A June 19 summit on America’s poverty crisis, organized by the Hamilton Project at Brookings, will bring together leading scholars, policymakers, practitioners, and business and labor leaders for a series of discussions on strategies for combating poverty. Former president Bill Clinton will deliver remarks on the opening day of the summit. Included among the featured speakers are several contributors to the Russell Sage Foundation’s Legacies of the War on Poverty, a 2013 release that analyzed the remarkable and enduring policy successes of the War on Poverty.

At the conference, Harry Holzer (Georgetown University) will participate in a roundtable discussion on new approaches to building skills within the U.S. labor force. Holzer’s chapter in Legacies of the War on Poverty examines changing trends in employment and training policy for low-income individuals since the War on Poverty was launched. Bridget Terry Long (Harvard Graduate School of Education), whose contribution to Legacies traces the evolution of higher education policies, will discuss strategies for addressing the academic barriers to higher education.

New Working Paper Explores Low-Income Families’ Use of Social Safety Net Programs During the Great Recession

June 3, 2014

In a new working paper for the Great Recession Initiative, Robert A. Moffitt of Johns Hopkins University explores the extent to which families that participate in the Supplemental Nutrition Assistance Program (SNAP)—or food stamps—also receive benefits from other federal aid programs, such as Supplemental Security Income (SSI) or Social Security Disability Insurance (SSDI). As he finds, in 2008, 76 percent of families receiving SNAP also participated in at least one other major benefit, excluding Medicaid. However, over half of these only received one other benefit and only a very small fraction received more than two others.

As Moffitt explains, analyzing SNAP families’ participation in additional social safety net programs is crucial for understanding the other needs of SNAP households—such as whether these households tend to include family members with disabilities—or if overall, they simply have such low income that they require additional support for other expenses such as housing and medical care. Noting that policy analysts and scholars have long expressed concerns that the receipt of multiple programs may have negative effects on work incentives, Moffitt also investigates whether multiple-program participation by SNAP families deters household members from seeking employment.

How Genetics Can Enrich the Way We Study Social Inequality

May 22, 2014

This feature is part of a new RSF blog series, Work in Progress, which highlights some of the ongoing research of our current class of Visiting Scholars.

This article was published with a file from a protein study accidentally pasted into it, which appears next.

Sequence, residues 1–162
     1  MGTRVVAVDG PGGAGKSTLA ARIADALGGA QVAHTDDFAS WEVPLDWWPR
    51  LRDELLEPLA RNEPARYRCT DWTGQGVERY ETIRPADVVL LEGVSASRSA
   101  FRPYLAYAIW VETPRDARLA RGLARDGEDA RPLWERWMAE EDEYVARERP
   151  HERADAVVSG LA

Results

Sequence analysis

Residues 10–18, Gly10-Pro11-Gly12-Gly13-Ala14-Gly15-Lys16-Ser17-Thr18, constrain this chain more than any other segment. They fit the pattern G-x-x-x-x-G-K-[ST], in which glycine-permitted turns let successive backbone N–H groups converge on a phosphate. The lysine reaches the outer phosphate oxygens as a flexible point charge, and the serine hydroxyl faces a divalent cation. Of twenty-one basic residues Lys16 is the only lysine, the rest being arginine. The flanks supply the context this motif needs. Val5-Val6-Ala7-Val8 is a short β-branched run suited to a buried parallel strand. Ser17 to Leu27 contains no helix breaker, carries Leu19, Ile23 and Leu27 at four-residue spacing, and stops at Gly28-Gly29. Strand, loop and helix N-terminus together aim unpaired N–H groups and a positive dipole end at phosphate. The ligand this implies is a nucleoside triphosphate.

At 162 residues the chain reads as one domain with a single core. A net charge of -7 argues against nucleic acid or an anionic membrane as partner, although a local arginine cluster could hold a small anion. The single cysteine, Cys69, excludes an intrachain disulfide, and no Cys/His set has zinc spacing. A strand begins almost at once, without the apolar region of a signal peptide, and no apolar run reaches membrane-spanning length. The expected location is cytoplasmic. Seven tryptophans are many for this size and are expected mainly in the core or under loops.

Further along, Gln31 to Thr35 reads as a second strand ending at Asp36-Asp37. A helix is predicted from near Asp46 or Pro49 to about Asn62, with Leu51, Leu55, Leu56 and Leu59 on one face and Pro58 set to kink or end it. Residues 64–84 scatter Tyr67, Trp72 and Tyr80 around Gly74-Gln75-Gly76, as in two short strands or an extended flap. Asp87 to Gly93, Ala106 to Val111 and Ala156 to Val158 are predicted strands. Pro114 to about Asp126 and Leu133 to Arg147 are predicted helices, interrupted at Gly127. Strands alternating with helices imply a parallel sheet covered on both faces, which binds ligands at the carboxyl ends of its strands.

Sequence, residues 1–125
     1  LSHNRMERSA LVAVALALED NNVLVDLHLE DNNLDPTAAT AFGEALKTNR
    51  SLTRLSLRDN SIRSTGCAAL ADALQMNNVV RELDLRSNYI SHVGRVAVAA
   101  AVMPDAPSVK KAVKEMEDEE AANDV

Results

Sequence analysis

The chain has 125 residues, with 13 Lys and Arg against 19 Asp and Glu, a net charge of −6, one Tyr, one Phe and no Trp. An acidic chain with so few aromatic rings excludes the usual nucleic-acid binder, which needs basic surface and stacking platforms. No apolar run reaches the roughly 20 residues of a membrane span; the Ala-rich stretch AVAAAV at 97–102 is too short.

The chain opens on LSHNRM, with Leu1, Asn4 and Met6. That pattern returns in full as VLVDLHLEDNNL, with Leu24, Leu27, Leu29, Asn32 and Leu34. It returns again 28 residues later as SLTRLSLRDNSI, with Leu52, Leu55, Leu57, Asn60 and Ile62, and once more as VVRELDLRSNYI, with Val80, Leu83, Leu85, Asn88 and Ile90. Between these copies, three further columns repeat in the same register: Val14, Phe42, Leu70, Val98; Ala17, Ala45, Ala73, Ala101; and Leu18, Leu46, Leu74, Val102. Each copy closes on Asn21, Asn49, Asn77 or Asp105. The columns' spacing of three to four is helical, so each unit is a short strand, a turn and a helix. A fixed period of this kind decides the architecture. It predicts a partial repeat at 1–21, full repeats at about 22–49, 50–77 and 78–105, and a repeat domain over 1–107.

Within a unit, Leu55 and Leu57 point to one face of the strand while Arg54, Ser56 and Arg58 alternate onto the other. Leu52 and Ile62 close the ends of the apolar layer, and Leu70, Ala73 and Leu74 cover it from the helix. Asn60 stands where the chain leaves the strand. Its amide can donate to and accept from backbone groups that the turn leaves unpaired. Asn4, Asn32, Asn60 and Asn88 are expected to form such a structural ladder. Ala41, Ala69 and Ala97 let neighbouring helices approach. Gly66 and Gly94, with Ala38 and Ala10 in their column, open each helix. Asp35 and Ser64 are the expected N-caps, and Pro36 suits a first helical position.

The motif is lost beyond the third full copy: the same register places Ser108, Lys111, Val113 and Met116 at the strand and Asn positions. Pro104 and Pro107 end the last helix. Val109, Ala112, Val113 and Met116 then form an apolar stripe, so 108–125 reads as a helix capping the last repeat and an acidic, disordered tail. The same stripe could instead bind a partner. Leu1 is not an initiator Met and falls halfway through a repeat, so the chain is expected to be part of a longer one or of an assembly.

Visiting Scholar Dalton Conley is well acquainted with working across disciplines: He currently holds multiple appointments at NYU, including in the Sociology Department, the School of Medicine, and the Wagner School of Public Service. In his time in residence at the Russell Sage Foundation, he is examining the impact of genetics on socioeconomic attainment. Using genetic markers—genes or DNA sequences that can be used to identify particular inherited characteristics—in nationally representative data sets, Conley will attempt to construct genetic risk scores and use them to deepen our understanding of the relationship between genetic endowment and socioeconomic status.

In a new interview with the Foundation, Conley discussed the history of merging genetics with the social sciences, and offered ways of using new genetics data to enrich the way we form policies to address social inequality.

Q. Your research examines the intersection of biology and the social sciences, and in particular, tries to understand how molecular genetics can help explain social stratification. Due to historical misuses of science to justify social inequality (as with the eugenics movement in the nineteenth century or, more recently, Herrnstein and Murray's The Bell Curve) this has been such a controversial area that many social scientists now steer clear of biological explanations altogether. How do you reconcile this fraught history with your own work, and what's new about your research?

Mass Deportations and Latino Voters

May 20, 2014

With the Foundation’s support, political scientists Alex Street and Chris Zepeda-Millán, in collaboration with Michael Jones-Correa, conducted an online survey of more than 1200 second generation Latinos to test whether socialization experiences are shaped by the responses of parents, children, and other political actors to the unique situation of U.S. citizens with undocumented parents. Among other consequences, they explore the effects of knowledge of deportations among second generation Latinos, especially on the evaluations of Democratic and Republican parties.